Chicken Broths

Most commercial chicken broths are dreadful, “fowl” concoctions. So what is the time-pressed home cook to do?

Rare is the cook who has the time for the slowly simmered perfection of homemade chicken stock. The rest of us head to the soup aisle of the local supermarket to make do with some permutation of commercially prepared chicken broth. But truth be told, it could take nearly as long just to choose from the confusing array of offerings: Alongside the standard metal cans of broth and the dehydrated bouillon powders sit dozens of broths sporting “aseptic” packaging (resealable paper cartons) and glass jars filled with gloppy “base” (chicken broth reduced to a concentrated paste). Add organic, low-sodium, and gourmet-shop varieties to the mix, and the number of options quickly becomes overwhelming.An honest chicken broth distinguished by its chickeny flavor and hearty aroma.

So what chicken broth product should you reach for when you haven’t got time for homemade? We recommend choosing a mass-produced, lower-sodium brand—and check the label for evidence of mirepoix ingredients. (The best-tasting brands get help from vegetables, a glutamic compound, or both.)

And the winner is:

Swanson Certified Organic Free Range Chicken Broth

We’re not ones to jump on the organic bandwagon for its own sake; the proof’s in the taste. Swanson’s newest broth won tasters over with “very chickeny, straightforward, and honest flavors,” a hearty aroma, and restrained “hints of roastiness.”

Published in: on January 28, 2010 at 2:19 pm  Comments (8)  

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8 CommentsLeave a comment

  1. Thanks for the update in the chicken broth wars! You all are my heroes.

  2. Ugh. That stuff may be the least objectionable of the prepared broths but I find that Orrington Farms chicken base (not chicken flavored) is about as close to the real thing as you’ll find Plus its less expensive and you don’t waste it because you only use what you need. You also can control the strength of flavor.

  3. Agree this is a top-knotch option ~ but we do have to plug Pacific Natural Foods Organic Free Range Chicken Broth as an equally impressive alternative. In our kitchen, both provide a useful (and delicious) alternative to homemade.

  4. “Rare is the cook who has the time for the slowly simmered perfection of homemade chicken stock.”

    I couldn’t disagree more. Homemade chicken stock is one of the easiest tasks in the kitchen, and it has heaps more flavor and substance than any box will ever. How many home cooks roast chickens or buy bone-in chicken pieces for meals? How hard is it to throw those bones in the freezer for future use or in a pot to sit on the stove at a simmer overnight (or like I do them, in the oven just under 200°)?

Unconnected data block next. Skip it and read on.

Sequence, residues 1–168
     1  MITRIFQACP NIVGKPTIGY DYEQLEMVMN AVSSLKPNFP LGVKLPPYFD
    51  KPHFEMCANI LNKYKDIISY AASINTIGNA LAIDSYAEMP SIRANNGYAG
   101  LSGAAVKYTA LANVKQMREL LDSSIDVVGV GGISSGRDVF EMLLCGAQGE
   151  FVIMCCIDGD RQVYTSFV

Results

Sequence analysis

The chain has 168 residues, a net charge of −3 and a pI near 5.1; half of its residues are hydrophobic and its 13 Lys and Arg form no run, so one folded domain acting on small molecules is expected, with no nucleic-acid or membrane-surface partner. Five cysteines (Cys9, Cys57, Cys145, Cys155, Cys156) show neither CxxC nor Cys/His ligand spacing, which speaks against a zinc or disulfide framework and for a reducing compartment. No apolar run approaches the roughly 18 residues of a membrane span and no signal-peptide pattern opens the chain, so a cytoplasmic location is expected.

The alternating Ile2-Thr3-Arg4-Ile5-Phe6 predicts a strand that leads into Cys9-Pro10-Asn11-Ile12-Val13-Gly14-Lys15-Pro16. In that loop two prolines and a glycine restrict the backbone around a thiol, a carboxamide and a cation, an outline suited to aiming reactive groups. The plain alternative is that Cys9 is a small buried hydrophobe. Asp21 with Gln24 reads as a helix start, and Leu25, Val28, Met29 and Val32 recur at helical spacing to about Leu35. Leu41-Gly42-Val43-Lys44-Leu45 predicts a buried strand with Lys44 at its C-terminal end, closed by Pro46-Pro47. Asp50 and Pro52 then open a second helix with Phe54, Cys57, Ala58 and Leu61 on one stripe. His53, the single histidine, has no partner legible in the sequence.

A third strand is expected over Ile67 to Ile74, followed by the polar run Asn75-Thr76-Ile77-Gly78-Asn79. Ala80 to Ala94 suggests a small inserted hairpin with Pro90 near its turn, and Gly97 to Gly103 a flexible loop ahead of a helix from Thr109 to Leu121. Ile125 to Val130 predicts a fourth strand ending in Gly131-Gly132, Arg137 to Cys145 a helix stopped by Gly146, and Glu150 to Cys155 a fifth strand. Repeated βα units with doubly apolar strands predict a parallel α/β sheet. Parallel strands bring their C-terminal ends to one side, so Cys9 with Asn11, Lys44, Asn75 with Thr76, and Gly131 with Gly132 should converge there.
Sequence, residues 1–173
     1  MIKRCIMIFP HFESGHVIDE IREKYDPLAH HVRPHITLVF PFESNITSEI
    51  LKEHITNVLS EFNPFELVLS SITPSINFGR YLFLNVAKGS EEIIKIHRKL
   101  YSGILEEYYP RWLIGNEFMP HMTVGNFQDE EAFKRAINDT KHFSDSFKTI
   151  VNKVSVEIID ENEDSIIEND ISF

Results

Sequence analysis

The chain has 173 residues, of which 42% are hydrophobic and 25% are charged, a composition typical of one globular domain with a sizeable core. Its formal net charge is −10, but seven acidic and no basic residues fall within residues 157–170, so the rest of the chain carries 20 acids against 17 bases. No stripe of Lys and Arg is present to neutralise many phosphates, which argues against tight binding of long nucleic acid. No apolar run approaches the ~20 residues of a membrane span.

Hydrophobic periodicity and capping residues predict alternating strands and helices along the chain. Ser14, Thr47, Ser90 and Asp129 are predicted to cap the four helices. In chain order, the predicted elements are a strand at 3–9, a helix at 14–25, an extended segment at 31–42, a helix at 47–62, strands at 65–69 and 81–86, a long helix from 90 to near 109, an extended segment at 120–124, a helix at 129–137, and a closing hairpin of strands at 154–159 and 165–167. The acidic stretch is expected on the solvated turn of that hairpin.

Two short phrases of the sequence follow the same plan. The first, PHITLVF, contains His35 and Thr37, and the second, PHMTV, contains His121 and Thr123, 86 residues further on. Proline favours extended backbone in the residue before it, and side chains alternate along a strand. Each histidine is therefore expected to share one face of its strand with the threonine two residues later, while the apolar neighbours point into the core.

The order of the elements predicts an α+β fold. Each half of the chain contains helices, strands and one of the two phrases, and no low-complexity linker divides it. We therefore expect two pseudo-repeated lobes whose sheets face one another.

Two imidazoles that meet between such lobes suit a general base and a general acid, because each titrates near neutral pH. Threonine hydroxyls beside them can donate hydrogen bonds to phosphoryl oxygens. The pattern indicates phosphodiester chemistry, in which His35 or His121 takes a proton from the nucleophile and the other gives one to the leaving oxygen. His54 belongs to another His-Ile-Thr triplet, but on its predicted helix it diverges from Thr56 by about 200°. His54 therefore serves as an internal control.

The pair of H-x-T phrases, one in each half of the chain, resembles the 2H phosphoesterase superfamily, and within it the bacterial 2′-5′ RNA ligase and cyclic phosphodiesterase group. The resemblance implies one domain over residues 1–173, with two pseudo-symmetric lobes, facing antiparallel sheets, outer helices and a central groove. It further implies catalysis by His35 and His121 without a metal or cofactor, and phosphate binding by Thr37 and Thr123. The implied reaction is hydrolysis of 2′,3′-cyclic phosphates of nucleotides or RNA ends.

We’re such a wasteful society, that it’s discouraging to me that you would tacitly encourage that. I’m sure that many lazy cooks will appreciate your research, but wouldn’t it be so much more responsible to educate people about how easy and worthwhile it is to do it yourself?

  5. This is indeed the broth to have on the shelf for emergency use. Sometimes one runs out of the frozen goodies. That doesn’t make a person lazy, just out of frozen chicken broth.

  6. CHICKEN STOCK

    Yields: 6 Cups

    MEASURE INGREDIENTS

    2 Pounds Chicken Bones
    3 Quarts Cold Water
    1 Cup Onions (chopped)
    ¾ Cup Carrots (chopped)
    ¾ Cup Celery (chopped)
    1 teaspoon Cracked Black Pepper
    1 Sprig Fresh Whole Thyme (or ½ teaspoon dry leaves)
    About 8 Each Parsley Stems
    2 Each Whole Cloves
    2 Each Bay Leaves

    METHOD

    1) Wash bones in cold water. Place in a roasting pan and place into a 350-degree oven for 30 minutes or until lightly browned. Mix the bones and place back into oven for 30 more minutes.

    2) Put bones into a large stock pot (scrape the roasting pan and add the drippings to the pot with the bones)

    3) Pour the water over the bones and place on stove. Bring to a boil the simmer for 30 minutes. (SKIM THE SCUM off of the top of the stock.)

    4) Add the remaining ingredients and continue to simmer for 4-6 hours and continue to SKIM THE SCUM frequently.

    5) Strain the stock then place into an ice bath to cool as quickly as possible.

    • When you simmer 3 quarts of water for 4-6 hours how much stock should I have as an end result?

  7. I kinda agree on the choice, as it’s also one of the more widely available, too. No, I don’t agree with the idea of BUYING factory-made stock, but then again, think about who this article is geared towards.

    In comparison, it takes about 15 min to change one’s oil in their car (and most of it involves waiting for it to drain), but how many people take their cars to a mech? A lot. We live in a ‘get in, get out’ society, and we should consider ourselves lucky to be able to have services of all shape and color.

    And even Chefs who are in a bind know the value of a stock all ready prepared at a store


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